Money, user statistics, celebrity endorsements… These are some of the regular themes that come up when we’re talking about app marketing on here. Read more
We’re being sociable this week as two of the world’s biggest social platforms introduce some interesting features for marketers. And a well known figure takes to a social network to make his own Weekly Noise about certain apps…
Will Advertisers Snap This Up?
We go to mobyaffiliates first of all, where they were talking about Snapchat’s plans for sponsored lenses. The video messaging platform has introduced a lenses feature which overlays graphics and allows the user to have a bit of fun with their messages… now they’re planning to charge advertisers $450,000 a day ($750,000 on special occasions like Halloween and Christmas) to sponsor the lenses. That is big money.
mobyaffiliates point out that Snapchat have previously talked similar figures for different forms of advertising, which have not been popular with marketing people. However this might just have the high potential for customer engagement (think those Coke cans with people’s names on them) to make companies take note. The article says that Snapchat has already been courting Hollywood studios about the facility – this seems like a very likely match. Don’t be surprised to receive Snapchat messages from your friends wearing Captain America masks or sporting slightly dodgy faces a la Pride and Prejudice and Zombies in 2016.
The Power of Suggestion
Getting big name advertisers on board for one of its latest features doesn’t seem to have been a problem for Facebook. As reported by Marketing Dive, Procter & Gamble, Jet Blue and KFC are among the companies to have participated so far in Facebook’s Suggested Video experiment.
Basically it’s all part of the big F’s push into mobile video. Partnering with the likes of Funny or Die and the NBA it’s aiming to send its users to such respected publishers when they view a related video on their feed. Between every few videos (and let’s face it, once we watch one video we all tend to spend a while clicking through the next suggestions) you’ll see an ad. At present Facebook is splitting advertising revenues from this 55/45 between the publisher and themselves. Everyone’s a winner!
Kanye’s Weekly Noise
Presidents, awards ceremonies, the fashion industry… just some of the things Kanye West has ranted about in the past. And now he has mobile gaming in his sights.
You see the rapper and producer has fallen foul of a problem faced by many unfortunate parents – the dreaded in-app purchase.
“F**k any game company that puts in-app purchases on kids games!!!” he Tweeted on 10th October, as reported on Hip-Hop Wired. Check out the article for more of Kanye’s app outbursts.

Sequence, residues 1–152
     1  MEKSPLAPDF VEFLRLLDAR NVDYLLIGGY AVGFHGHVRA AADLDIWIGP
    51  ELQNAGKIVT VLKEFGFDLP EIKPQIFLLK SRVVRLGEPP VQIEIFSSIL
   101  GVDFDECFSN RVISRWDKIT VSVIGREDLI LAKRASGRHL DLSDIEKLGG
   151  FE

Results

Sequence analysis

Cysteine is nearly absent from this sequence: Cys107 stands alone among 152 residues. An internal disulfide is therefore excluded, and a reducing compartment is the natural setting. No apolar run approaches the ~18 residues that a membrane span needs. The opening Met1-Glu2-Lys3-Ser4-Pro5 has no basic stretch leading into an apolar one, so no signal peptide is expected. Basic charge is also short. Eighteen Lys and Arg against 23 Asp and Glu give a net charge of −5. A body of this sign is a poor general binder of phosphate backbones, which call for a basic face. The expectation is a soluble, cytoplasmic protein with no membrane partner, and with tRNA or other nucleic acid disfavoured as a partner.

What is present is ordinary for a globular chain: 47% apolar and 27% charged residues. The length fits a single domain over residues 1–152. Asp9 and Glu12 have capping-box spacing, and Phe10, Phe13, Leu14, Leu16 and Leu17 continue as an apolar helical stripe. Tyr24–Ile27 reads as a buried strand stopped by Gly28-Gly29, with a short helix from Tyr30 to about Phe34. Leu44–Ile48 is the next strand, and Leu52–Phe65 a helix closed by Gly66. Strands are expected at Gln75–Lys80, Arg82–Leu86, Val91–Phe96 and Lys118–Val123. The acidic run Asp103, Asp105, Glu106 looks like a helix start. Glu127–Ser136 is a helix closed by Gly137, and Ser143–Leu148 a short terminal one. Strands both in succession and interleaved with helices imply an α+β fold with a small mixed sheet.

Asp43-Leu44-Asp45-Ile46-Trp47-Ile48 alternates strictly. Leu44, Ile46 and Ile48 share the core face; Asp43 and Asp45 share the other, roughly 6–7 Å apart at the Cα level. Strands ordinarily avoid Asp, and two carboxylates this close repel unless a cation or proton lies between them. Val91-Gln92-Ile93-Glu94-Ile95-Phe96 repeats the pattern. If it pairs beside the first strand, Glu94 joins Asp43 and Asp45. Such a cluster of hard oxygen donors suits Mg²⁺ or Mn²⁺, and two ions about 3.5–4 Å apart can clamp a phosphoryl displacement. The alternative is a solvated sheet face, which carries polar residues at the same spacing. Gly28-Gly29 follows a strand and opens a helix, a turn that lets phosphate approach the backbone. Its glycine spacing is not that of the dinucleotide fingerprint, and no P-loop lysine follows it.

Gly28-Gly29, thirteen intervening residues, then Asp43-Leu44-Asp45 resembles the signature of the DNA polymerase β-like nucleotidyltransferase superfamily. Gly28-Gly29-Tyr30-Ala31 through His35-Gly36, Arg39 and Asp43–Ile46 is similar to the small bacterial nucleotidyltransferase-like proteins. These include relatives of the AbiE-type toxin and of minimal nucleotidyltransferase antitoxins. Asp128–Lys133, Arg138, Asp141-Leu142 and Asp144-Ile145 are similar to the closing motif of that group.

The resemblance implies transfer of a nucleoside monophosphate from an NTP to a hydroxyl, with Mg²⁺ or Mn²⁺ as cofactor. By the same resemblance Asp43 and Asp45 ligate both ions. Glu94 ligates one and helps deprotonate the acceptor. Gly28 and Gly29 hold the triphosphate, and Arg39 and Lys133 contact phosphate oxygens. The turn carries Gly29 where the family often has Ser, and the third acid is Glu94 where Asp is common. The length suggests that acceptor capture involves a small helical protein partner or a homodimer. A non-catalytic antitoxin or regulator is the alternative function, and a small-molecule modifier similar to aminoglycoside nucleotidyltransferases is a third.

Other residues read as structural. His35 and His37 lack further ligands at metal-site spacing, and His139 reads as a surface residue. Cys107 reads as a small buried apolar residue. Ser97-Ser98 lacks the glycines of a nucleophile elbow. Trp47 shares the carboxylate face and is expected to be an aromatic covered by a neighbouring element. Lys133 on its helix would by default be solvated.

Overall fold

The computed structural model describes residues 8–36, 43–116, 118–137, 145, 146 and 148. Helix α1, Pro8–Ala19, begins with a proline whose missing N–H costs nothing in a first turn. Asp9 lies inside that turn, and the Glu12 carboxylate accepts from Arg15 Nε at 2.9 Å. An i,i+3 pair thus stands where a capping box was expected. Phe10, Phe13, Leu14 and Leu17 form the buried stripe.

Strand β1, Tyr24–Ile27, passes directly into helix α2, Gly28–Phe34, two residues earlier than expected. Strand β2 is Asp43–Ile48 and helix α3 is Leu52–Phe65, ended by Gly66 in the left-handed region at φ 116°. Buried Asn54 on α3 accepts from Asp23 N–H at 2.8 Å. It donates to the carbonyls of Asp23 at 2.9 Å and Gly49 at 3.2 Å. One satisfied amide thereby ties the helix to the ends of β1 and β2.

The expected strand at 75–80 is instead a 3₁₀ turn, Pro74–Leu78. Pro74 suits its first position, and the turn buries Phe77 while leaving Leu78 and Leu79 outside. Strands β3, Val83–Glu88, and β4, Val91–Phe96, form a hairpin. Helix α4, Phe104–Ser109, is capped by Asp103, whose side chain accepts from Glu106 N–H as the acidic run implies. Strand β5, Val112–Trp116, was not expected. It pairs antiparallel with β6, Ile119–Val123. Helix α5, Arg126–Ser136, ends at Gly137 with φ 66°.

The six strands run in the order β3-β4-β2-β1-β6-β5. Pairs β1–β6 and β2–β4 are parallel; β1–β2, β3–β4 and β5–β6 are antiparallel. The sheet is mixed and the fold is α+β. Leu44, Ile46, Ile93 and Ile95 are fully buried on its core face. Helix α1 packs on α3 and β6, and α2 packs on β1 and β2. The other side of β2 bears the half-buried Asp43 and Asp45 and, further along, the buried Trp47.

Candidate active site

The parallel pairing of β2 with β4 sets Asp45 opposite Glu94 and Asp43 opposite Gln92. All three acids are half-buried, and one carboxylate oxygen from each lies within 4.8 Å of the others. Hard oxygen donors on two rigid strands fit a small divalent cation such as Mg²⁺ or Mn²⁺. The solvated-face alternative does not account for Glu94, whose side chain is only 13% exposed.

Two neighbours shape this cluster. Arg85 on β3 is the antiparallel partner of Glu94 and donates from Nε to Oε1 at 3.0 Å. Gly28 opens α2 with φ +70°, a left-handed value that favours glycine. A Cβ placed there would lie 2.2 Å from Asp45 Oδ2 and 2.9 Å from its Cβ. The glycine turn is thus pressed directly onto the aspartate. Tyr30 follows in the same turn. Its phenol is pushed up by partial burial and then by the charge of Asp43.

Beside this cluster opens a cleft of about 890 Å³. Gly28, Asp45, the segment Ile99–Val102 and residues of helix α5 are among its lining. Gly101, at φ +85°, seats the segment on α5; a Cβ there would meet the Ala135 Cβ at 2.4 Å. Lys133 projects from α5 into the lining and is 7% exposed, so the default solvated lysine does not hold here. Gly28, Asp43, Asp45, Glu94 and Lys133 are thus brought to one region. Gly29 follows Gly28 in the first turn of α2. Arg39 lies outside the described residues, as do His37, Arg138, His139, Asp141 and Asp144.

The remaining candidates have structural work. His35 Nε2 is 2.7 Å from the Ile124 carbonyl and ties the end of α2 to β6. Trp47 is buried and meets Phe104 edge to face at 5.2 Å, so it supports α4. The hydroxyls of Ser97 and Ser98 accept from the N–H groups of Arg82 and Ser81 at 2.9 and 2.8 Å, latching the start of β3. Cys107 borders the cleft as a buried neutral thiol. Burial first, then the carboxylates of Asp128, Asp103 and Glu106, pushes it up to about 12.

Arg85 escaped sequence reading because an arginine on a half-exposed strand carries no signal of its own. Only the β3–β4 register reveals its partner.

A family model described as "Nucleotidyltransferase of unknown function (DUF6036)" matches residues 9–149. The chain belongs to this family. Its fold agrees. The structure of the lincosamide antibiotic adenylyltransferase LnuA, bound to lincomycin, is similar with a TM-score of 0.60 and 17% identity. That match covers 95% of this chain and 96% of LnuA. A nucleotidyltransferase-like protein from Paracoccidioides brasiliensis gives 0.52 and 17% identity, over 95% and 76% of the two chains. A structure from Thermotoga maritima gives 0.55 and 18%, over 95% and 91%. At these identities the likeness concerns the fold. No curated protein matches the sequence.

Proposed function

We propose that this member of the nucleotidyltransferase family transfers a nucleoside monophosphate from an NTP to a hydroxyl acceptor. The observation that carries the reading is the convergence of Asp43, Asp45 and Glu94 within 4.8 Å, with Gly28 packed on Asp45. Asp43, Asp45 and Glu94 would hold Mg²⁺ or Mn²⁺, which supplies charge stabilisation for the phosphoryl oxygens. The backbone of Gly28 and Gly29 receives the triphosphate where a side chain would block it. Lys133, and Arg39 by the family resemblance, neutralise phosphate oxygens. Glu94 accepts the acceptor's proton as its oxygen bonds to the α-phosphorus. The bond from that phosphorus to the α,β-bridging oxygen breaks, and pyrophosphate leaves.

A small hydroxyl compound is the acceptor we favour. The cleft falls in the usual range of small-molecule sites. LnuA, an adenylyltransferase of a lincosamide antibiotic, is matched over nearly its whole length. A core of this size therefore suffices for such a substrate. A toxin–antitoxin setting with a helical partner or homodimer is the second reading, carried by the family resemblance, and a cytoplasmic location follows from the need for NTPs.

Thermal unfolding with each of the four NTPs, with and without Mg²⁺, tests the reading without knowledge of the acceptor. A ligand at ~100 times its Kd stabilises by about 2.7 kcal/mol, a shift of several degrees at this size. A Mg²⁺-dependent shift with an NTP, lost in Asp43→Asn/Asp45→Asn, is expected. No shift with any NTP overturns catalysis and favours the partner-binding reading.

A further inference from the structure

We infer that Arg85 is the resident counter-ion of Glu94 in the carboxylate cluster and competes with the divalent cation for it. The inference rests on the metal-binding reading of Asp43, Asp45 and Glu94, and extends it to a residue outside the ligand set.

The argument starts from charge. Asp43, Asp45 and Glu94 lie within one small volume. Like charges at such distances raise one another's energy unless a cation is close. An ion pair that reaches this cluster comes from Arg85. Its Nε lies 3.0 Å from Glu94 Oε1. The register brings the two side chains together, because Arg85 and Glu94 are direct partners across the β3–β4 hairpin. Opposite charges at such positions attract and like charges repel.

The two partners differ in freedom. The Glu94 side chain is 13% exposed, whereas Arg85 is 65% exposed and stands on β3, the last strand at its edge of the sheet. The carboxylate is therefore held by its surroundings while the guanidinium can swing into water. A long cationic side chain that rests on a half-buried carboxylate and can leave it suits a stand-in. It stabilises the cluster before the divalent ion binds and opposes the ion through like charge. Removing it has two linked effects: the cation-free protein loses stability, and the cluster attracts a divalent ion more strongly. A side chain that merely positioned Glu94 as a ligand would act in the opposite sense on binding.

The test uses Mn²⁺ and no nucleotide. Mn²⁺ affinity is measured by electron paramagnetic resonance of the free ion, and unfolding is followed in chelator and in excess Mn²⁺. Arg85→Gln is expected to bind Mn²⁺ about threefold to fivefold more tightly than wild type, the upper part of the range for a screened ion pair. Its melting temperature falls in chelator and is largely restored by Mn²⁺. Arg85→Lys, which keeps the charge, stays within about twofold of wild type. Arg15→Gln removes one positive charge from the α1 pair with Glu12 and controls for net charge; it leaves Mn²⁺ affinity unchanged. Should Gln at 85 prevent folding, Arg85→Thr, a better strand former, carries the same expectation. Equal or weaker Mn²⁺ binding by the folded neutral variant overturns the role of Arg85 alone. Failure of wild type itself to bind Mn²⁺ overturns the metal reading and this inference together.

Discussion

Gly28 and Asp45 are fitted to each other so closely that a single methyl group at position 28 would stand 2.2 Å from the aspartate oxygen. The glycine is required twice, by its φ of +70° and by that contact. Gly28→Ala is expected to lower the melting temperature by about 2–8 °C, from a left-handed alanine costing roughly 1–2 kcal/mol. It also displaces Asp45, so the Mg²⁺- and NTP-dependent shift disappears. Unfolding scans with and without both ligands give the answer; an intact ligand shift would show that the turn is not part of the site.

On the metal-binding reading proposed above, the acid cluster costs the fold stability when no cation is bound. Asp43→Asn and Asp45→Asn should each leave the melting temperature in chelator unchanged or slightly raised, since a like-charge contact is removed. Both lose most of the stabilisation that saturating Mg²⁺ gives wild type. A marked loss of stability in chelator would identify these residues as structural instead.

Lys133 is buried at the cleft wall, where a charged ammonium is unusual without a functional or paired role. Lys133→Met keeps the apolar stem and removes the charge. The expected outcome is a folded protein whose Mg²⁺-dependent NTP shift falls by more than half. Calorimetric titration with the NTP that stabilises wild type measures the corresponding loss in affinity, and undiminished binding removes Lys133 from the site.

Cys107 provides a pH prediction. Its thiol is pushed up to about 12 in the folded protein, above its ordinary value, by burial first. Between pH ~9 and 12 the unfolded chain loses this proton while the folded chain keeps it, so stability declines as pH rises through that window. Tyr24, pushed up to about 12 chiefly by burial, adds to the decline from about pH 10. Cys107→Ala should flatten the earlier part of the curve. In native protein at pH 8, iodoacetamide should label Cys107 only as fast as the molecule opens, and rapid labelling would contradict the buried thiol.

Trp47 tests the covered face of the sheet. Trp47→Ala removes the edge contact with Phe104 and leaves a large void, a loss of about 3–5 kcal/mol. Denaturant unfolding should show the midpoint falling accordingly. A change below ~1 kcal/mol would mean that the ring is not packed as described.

Mobile gaming has been in the news a lot recently. There have been some stats that suggest the industry has seen better days, but elsewhere there are parties who see mobile gaming as the key to the future…
The Bad News
If this post was a game we’d keep the “big bad” til the end, but when have we ever been conventional? There’s no hiding from the stats in a recent article published by Developer Economics – the time spent by users on mobile gaming has declined.
The main thrust of the article is actually app usage’s overtaking of TV viewing in our leisure time, but the author Simon Khalaf (CEO of Flurry) admits within that the findings about time spent on gaming were unexpected. While messaging, social and entertainment usage have increased, the average time spent gaming per day has declined from 52 minutes to 33 minutes year on year. The article cites the following as possible reasons for this dramatic drop – market domination of the big hitters like Clash of Clans preventing new entrants from making a mark; the phenomenon of eSports (gaming fans watching other gamers play on the likes of Tumblr rather than playing the game themselves; gamers spending more on in-app purchases to accelerate their progress in games and thus spending less time working through them.
The New Direction
The decline in time spent on mobile gaming isn’t necessarily a sign of the End Times. For one, it could just be a blip (only the actual End Times are going to stop people from gaming). And as the Developer Economics article mentions, money spent on in-app purchases has not declined, so where there’s money to be made…
And that brings us neatly onto a Boston Globe article that caught our eye. It talks about Massachusetts’ rise and fall in video game development – with the likes of Rock Band and BioShock produced locally Boston had hopes of rivaling L.A. and Seattle as a game developing hub, but the dream kind of fizzled out.
But industry figures in the state are looking to mobile gaming in the hope of once again making a mark, perhaps – as the article alludes to – producing an Angry Birds with the “Made in Massachusetts” stamp on it. The seeds of a potentially fruitful future have certainly been planted – recent games made in the state include World Zombination by Cambridge based Proletariat Inc and Marvel Puzzle Quest from Demiurge Studios – also based in Cambridge, MA.
Another news outlet recently displaying faith in the future of gaming was the BBC’s Newsbeat – the corporation’s radio news programme aimed at a younger audience.
The Newsbeat team had been at the EGX video games event in Birmingham and were encouraging their listeners (and online readers) to consider a career in gaming. Their story talks of the nearly 2,000 games firms in the UK, the dedicated area at EGX for helping future developers and designers and contains a list of hints and tips for getting into the industry.
Among the games featured in the article are Sega’s Total Wars and Football Manager, both of which are available as apps.